Skip to main content

How to Calendarize Your Book Marketing Approach

Whether you're traditionally or self-published marketing your book, is difficult. You have to start promoting your book as early as possible, and you can't stop after it's published. Here's one way to plot out your book marketing calendar.

Whether you’re traditionally or self-published marketing your book, is difficult. Here’s what I know for sure, as Oprah says. You have to start promoting your book as early as possible, and you can’t stop after it’s published. How do I know? I’ve published work in every genre except screenplays—and I’ve made all the mistakes!

Here are some ideas to get you started—but use your own imagination to reach your audience “where they live.” Think outside the box! One of the best marketing tools I’ve seen was for I Love Men In Tasseled Loafers. Author Debbie Karpowicz created chocolate tasseled loafers, as swag for the launch party. She sold more books that night than some people sell in their lifetime, and I’ve never forgotten the title of her book.

Image placeholder title

AS SOON AS YOU KNOW your book’s release date

  • Figure out your target audience and brainstorm how to reach that audience.
  • Start a mailing list. You don’t have one? Yes, you do. What about everyone you’ve ever emailed? Your family? High school and college friend? People at work?
  • Evaluate your social media. Which social media sites are you using? What could you add?
  • Think about a video blog—or better yet, learn how to do it. Facebook Live, Instagram or YouTube.
  • Build your author platform. (Learn what it is, if you don’t know already).
  • Join writer’s groups like the Alliance for Independent Authors, PEN America, Authors Guild, National Writers Union. They often offer free advice to members.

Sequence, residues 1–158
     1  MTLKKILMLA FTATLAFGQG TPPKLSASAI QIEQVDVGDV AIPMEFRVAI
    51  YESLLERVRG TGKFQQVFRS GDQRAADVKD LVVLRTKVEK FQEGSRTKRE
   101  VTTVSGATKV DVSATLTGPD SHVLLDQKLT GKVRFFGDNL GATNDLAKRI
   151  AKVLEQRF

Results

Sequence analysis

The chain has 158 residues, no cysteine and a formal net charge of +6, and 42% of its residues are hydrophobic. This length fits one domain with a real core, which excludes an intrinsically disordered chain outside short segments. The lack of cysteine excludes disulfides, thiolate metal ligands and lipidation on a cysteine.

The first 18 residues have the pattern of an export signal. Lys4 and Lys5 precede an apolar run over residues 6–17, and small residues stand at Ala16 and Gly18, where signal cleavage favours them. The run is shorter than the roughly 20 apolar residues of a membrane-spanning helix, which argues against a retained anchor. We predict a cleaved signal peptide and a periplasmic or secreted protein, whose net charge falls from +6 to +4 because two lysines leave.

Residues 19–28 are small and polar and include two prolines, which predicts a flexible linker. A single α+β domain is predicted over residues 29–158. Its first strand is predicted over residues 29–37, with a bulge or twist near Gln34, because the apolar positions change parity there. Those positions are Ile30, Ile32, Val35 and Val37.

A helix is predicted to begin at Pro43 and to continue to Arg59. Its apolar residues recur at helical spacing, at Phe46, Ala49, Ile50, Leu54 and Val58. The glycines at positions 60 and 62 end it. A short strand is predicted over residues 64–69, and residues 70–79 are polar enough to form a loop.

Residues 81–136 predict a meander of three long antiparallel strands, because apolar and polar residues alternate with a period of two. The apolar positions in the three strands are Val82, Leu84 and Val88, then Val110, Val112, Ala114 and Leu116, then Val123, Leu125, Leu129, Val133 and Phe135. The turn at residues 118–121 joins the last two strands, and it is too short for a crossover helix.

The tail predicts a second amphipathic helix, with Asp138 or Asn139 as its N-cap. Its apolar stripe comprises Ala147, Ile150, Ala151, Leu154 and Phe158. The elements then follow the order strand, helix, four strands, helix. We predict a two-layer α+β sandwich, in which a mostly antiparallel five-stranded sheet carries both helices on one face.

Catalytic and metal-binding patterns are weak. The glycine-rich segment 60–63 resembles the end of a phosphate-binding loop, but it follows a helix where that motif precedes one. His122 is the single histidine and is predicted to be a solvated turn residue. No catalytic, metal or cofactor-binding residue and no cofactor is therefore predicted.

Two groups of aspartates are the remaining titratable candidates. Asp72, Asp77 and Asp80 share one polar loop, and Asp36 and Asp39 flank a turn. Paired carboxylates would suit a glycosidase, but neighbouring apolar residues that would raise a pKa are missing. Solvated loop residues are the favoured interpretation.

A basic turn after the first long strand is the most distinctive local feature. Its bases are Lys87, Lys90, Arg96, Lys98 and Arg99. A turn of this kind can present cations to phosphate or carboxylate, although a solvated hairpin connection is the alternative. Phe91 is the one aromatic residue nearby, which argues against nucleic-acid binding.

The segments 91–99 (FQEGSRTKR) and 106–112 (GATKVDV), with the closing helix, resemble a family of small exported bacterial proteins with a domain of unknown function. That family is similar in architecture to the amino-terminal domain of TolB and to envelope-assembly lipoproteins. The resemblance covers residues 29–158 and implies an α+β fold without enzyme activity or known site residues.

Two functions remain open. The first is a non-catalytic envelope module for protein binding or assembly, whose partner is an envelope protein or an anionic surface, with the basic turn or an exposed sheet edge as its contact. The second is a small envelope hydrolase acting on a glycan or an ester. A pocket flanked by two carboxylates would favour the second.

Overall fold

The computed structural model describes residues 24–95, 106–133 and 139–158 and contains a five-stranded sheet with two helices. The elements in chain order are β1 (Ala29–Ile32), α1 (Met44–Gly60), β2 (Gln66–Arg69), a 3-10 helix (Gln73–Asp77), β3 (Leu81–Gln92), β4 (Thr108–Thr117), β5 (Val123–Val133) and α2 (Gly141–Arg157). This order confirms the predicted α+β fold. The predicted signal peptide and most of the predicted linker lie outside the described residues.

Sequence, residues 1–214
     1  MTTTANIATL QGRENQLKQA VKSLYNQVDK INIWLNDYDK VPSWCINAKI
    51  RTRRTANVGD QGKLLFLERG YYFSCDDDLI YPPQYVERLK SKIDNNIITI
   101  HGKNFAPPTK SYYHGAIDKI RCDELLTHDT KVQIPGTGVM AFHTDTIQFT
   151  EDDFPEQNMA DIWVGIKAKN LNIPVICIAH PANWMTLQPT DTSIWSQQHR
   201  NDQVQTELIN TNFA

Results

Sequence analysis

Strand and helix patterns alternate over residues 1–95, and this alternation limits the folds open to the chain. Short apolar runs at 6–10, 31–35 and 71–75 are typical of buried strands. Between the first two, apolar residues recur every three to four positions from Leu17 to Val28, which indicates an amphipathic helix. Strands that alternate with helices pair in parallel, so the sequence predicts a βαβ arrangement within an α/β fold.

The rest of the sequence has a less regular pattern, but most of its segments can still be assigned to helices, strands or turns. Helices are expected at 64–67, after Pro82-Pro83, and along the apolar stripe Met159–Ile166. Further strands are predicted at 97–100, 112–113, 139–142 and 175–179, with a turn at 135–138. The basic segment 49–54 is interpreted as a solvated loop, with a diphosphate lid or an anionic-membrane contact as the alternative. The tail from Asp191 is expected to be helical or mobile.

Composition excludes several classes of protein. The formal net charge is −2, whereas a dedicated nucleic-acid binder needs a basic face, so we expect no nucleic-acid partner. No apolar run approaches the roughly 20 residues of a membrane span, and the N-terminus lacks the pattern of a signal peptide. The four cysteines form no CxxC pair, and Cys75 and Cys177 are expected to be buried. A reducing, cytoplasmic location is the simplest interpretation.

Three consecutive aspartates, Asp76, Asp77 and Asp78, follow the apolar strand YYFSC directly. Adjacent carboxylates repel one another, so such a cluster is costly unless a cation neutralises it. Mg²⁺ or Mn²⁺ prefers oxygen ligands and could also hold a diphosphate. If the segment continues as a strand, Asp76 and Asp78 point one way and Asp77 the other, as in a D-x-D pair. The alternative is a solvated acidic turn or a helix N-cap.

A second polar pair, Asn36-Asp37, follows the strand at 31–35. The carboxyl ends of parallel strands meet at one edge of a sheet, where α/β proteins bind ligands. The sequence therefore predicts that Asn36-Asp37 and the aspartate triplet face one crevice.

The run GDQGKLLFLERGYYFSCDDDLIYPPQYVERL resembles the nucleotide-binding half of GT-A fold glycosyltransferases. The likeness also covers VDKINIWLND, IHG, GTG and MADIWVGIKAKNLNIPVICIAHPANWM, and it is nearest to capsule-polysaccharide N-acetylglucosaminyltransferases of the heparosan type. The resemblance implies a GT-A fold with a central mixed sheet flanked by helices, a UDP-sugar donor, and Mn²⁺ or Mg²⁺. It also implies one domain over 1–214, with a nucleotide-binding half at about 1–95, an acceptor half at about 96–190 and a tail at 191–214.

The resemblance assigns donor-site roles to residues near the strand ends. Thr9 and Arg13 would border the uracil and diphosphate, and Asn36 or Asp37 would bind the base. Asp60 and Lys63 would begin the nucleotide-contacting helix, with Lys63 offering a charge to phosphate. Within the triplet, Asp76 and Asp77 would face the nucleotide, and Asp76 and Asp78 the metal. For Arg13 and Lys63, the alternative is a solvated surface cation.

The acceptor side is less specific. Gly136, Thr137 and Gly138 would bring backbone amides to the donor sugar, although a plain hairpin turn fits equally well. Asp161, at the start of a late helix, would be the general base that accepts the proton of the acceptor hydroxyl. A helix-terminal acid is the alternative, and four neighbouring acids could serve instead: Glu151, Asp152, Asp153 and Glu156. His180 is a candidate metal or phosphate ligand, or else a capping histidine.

• Create your book cover, if you’re self-publishing.
  • Check out cost of ads on Book Bub, Goodreads, Amazon, and subject-specific publications.
  • Design your author website.
  • Gather the names of bloggers, writers, reviewers, and book groups interested in your subject matter.
  • Post an excerpt from the book on your website (or social media).
  • Contact libraries, bookstores, organizations, telling them about your upcoming book.
 Writer's Digest 2019 Daily Calendar: Inspiration, Writing Prompts, and Advice for Every Day of the Year

Writer's Digest 2019 Daily Calendar: Inspiration, Writing Prompts, and Advice for Every Day of the Year

SIX MONTHS before launch

  • Build your “author street team.” Ask them specifically to help you with the process of birthing your book. (An amazing group of women helped with every aspect of my trip across country via Amtrak to promote the book.)
  • Connect your book promotion to national events or holidays. (Book about dogs? Post blurbs during the Westminster Dog Show. Romance novel? Valentine’s Day—or a big celebrity’s wedding.)
  • Start setting up book signings with local bookstores or gift shops, plan parties for the launch or with book clubs.
  • Create author profiles on Goodreads, Facebook, BookBub, Amazon, Barnes and Noble, etc.
  • Post your book cover and nail 5-7 target key words that describe it.
  • Create your book trailer. (You can do it yourself on your cell phone.)
  • Start gathering blurbs from writers you know or from experts in the field.

THREE MONTHS until launch

  • Draft more friends to help you spread the word.
  • Print business cards.
  • Post your book excerpts and add a special “gift” like a music list or some recipes from the book.
  • Create “swag” for giveaways: bookmarks, magnets, etc.
  • Distribute free e-book copies of the book to your list of reviewers.
  • Memorize your elevator pitch (if you haven’t already done so).